What do we want in a time like this?

At times like this, we think of the state as a regulator of public activity. The amount of power the state has been able to exercise in this time of crisis is unprecedented. This power might be part of an elaborate social contract, so the people need to ask, what is the state doing to earn this power?

  • To prevent a huge toll of life, it is important that the state actively promotes a universally accessible public healthcare system. Surveillance, without testing and protection for those who have tested positive, is not enough!
  • The state also needs to take a long term view on healthcare. The policies of the state have not ensured proper access to healthcare across the different classes of society. Even this year, with the crisis oncoming, the state did not take any measures to improve facilities or access. The most successful delivery systems of healthcare have been locally managed systems. Given the sagging role of the centre in developing healthcare systems, we must ask, can we use this as an opportunity to develop community-level healthcare systems?
  • The crisis has also demonstrated the inability of the private healthcare sector to respond to these global challenges which affect all people. Thus, we must stress the need to strengthen our public health-care architectures and systems.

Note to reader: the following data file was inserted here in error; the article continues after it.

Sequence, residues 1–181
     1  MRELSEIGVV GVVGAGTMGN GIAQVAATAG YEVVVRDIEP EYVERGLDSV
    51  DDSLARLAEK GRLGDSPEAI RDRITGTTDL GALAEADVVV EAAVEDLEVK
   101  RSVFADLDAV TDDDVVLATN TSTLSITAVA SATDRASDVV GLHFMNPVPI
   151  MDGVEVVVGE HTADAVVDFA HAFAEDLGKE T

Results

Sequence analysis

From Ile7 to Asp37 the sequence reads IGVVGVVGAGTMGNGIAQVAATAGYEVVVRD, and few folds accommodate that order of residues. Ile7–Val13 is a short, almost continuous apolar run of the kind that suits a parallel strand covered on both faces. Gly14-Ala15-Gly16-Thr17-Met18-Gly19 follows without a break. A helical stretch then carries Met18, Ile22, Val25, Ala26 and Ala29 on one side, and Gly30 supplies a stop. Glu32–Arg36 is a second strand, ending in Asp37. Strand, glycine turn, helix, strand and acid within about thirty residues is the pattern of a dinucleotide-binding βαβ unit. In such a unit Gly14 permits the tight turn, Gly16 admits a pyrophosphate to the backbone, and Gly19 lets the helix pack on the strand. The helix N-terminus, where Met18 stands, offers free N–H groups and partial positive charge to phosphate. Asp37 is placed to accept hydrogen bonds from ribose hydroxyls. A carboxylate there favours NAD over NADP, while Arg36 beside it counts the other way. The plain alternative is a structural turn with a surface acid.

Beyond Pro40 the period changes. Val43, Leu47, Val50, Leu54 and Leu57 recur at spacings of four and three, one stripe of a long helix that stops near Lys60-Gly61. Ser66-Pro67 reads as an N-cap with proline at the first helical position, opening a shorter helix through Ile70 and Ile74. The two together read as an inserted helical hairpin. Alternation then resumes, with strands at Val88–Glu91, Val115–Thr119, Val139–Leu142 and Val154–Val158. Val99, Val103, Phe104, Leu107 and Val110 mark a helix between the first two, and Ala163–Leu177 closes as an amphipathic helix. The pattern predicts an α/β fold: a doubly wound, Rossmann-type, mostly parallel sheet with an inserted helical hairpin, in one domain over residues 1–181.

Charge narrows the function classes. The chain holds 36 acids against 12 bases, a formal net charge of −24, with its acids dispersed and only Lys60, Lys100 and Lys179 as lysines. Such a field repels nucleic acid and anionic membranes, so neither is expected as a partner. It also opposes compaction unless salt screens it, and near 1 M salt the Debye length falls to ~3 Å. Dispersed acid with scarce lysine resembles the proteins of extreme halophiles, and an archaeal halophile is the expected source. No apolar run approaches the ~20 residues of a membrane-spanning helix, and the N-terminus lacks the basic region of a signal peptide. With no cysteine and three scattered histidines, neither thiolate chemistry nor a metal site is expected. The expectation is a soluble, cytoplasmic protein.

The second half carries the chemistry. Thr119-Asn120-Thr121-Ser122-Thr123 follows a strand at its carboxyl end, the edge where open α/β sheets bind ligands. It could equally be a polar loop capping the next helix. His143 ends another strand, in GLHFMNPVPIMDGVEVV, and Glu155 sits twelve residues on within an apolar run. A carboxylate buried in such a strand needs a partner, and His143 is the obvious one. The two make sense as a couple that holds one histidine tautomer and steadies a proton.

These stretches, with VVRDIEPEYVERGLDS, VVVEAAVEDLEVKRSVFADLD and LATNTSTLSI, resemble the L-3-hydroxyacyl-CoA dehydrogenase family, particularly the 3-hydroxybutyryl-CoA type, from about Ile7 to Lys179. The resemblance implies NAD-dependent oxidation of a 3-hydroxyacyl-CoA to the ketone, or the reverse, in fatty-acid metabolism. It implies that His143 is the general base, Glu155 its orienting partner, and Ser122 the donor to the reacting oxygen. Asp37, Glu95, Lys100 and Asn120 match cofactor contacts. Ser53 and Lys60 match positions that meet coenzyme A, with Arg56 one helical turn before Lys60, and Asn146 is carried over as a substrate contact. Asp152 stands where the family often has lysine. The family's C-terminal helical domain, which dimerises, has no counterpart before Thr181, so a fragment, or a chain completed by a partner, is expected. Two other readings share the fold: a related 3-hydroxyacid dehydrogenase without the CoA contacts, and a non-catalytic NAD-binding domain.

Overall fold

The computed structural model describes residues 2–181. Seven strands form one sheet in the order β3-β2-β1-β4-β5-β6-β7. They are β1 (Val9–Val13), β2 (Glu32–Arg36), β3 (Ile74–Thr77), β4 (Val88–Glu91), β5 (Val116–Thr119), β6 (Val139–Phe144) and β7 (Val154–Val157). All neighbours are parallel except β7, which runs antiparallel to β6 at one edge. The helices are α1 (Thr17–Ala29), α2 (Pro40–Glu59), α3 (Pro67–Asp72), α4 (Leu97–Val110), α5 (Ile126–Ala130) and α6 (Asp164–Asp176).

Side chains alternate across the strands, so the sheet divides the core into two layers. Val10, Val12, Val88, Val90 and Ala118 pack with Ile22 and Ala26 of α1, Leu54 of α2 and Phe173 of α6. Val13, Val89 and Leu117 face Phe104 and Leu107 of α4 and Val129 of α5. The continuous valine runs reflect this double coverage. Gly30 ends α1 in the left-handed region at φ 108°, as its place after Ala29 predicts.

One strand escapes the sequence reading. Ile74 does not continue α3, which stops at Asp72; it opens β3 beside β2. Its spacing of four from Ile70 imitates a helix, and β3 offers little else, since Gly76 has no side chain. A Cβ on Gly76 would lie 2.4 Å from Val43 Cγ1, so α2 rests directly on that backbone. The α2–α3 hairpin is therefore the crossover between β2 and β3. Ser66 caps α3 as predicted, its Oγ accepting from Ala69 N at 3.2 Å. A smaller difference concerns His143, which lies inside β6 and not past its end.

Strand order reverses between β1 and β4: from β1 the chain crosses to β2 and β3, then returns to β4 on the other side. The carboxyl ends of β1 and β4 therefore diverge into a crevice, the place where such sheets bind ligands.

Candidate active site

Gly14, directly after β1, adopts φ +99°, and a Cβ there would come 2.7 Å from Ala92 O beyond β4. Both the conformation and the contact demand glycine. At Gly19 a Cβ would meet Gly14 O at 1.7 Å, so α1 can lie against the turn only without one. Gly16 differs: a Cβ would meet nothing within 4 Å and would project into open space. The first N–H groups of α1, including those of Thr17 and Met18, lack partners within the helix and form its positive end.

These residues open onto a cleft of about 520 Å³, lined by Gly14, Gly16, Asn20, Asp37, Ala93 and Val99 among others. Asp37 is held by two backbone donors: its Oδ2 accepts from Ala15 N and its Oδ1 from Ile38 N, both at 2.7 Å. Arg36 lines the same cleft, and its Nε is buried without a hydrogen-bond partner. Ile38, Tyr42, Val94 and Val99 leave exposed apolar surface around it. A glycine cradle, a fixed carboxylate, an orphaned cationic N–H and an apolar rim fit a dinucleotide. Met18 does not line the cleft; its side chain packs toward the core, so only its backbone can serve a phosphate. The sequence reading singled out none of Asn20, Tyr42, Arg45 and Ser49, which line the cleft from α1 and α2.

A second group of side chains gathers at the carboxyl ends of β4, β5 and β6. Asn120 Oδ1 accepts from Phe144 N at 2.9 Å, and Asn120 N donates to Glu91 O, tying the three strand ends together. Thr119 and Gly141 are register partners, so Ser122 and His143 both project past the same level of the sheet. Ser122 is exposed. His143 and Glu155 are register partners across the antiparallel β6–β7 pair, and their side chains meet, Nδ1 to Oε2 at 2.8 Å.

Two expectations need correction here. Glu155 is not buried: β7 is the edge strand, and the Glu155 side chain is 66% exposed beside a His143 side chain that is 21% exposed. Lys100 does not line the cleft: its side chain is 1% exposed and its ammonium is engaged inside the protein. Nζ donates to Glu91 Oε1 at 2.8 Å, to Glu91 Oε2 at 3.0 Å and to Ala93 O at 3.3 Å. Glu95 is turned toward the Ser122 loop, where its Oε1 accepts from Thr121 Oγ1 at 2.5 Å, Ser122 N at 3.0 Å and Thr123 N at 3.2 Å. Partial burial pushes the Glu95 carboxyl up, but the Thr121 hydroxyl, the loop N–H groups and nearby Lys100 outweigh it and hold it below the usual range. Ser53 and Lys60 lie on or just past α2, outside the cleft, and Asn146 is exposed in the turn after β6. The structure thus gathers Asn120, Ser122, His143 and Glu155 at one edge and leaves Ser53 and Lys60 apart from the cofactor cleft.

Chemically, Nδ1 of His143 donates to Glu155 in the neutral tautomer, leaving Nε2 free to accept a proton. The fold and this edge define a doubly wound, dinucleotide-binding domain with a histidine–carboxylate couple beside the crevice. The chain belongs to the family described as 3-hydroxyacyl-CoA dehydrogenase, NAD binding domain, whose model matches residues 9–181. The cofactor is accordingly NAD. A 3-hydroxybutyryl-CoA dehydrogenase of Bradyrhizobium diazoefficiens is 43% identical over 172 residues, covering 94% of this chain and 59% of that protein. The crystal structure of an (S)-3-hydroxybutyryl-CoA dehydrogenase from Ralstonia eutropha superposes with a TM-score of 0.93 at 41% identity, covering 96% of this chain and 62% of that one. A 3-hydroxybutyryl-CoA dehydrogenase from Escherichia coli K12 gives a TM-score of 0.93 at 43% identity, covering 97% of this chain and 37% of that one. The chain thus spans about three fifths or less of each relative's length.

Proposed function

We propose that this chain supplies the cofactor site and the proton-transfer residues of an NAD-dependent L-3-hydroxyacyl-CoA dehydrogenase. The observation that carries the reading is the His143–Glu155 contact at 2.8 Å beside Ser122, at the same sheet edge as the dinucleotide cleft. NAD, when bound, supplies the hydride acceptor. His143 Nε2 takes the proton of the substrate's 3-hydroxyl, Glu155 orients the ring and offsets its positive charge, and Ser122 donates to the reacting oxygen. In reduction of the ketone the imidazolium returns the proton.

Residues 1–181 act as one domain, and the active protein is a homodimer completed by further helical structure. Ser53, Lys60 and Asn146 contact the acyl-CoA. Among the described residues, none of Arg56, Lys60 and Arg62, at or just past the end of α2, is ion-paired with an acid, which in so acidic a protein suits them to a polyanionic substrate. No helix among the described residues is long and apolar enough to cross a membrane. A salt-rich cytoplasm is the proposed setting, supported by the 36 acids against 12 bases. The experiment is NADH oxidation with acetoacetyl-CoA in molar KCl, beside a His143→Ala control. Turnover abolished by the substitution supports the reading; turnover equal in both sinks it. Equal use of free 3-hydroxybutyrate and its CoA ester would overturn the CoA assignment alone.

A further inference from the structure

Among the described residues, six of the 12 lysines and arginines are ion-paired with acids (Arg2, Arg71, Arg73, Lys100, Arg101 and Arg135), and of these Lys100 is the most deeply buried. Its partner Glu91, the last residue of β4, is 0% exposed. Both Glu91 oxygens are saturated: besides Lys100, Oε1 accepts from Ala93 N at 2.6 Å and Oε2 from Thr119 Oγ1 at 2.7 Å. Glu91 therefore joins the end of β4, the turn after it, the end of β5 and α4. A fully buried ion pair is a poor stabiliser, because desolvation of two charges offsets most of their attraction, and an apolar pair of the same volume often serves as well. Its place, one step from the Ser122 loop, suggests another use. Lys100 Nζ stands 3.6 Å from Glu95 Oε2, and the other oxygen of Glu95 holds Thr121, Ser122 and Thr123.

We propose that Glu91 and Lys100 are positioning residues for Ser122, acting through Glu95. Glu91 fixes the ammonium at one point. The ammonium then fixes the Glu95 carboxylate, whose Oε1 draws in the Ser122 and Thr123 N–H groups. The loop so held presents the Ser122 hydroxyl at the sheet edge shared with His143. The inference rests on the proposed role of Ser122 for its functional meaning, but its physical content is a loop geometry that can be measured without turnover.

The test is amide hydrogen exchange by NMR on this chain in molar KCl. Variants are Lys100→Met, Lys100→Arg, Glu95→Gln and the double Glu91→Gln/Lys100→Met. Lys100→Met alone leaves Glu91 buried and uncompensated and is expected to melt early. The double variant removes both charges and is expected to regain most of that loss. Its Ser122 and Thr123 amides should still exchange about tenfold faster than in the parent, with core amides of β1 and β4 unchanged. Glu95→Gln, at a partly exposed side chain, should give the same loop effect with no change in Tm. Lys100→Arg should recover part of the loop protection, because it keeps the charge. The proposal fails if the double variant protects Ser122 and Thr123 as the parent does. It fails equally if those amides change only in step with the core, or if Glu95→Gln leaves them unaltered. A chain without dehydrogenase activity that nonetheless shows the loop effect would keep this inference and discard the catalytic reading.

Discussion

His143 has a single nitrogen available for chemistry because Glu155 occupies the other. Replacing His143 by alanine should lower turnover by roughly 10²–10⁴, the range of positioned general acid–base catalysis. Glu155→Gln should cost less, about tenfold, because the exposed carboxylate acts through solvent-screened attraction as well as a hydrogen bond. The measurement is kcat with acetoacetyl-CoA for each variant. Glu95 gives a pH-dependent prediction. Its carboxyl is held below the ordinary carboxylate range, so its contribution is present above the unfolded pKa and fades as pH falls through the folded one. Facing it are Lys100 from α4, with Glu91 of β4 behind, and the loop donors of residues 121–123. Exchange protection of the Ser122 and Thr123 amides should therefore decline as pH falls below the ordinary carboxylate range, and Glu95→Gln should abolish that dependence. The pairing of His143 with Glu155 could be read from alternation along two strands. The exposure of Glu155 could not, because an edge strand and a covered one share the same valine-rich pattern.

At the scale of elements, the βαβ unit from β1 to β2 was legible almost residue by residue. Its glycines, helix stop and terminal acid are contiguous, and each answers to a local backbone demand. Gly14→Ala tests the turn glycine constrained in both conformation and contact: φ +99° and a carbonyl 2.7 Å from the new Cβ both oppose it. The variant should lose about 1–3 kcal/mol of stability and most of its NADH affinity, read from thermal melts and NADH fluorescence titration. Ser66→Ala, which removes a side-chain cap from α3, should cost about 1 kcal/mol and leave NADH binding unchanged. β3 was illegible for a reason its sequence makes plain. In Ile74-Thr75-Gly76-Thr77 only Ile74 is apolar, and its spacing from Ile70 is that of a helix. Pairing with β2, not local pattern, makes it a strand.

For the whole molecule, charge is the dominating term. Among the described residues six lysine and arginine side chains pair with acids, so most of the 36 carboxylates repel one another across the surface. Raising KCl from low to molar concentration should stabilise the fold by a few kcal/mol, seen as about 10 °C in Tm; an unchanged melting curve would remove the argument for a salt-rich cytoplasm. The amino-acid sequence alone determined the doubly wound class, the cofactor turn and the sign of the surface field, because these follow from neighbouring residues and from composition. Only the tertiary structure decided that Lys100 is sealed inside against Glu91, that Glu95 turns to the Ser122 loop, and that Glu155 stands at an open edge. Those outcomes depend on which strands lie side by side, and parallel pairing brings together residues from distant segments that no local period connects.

• The main tool of the state has been the nation-wide lockdown. This has led to hardship across the country and has disproportionately hurt people who are poor, depend on their daily income, or who have migrated. The state’s response to those suffering has been underwhelming, to say the least. One must ask the question of why technology has not been deployed to address this question? Why is there no app which allows the citizen to easily access the information regarding food distribution services in her/his area? The phone helplines set-up for PDS distribution are still using age-old and outdated technologies, while brand new technological advancements are quickly deployed for central surveillance. Why is there no easy way for every worker to complain regarding non-payment of salary during the epidemic, despite Govt guidelines to the contrary?
  • There needs to be a promise by the state to regulate its own surveillance. Without the legal backing and privacy laws to govern contact tracing, both physical and digital, the trust of people in this will suffer. This is counter-productive as it would lead people to prefer to hide the disease than have it traced/tested. Having more trustable procedure with a guarantee of safety and protection is essential to achieve even the stated goal of tracing the contacts and using this information to curtail the spread of the pandemic.
  • The other side of surveillance is transparency. It is not clear to the people what the long term plan of the state is regarding the effects of this pandemic. There have been no deliberations, and control has quickly moved away from local spaces to the centre.